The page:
On Entering HLS


With trembling hand, and nervous gait,And sweating brow, I contemplateThe horrors that will be in storeWhen I first cross the classroom door …For all I’ve heard of HLS -A ghastly Hell of strain and stress – Is briefing cases by the mile,In rough, unknowing, awkward style …Of midnight oil, burning brightly,Of haggard faces, sagging slightly,For I have heard there is no restFrom spending days chained to my deskAnd reading pages by the scoreOf words I never heard before;And always wishing, deep inside,I had the guts for prof-icide.Yet though the present’s filled with dread,I shudder when I look ahead,For all around, with toilworn looksAre those who carry two-year books.Their bodies, bent and broken, tellThe story that is known too well …These are the ones who tried to passThe end-terms, leading all their class.Yes, they are back, but grooves of strainAppear upon their tortured brain;And hardly daring to relax,They hurry to the row of stacks;They try to find why Black abstainsIn Pushcart vs. Railroad Trains;Or what defendants had to fearIn Whisky vs. Keg O’Beer.Yet all this class is strong and trueWhen third-year men come into view.By arduous grind, THEY passed again,These wrecks that are but shells of men;Their gaunt expressions can’t concealThe rigors of the past ordeal.But as they stagger slowly by,Their heads – though bruised – are raised on high … For they are of the chosen fewThat soon will have some job to do – That soon may work without a flawFor these are men WHO KNOW THE LAW;Perhaps the day may come for meWhen I – a third-year man will be.When after lying in the wellsAnd depths and faults of countless Hells,And working ’till my brain be raw -PERHAPS … I, too, MAY KNOW THE LAW!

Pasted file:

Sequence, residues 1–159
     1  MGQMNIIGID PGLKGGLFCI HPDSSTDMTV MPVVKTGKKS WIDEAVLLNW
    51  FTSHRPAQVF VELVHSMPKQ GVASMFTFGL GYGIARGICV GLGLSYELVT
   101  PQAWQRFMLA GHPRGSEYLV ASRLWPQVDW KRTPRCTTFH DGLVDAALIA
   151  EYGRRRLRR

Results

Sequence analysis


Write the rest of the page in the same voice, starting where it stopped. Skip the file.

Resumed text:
-Clark A. Barrett ’53

Editor’s Note: This poem was originally published in the Oct. 4, 1950, edition of the RECORD. Its publication coincided with the matriculation of HLS’ first 12 female students.

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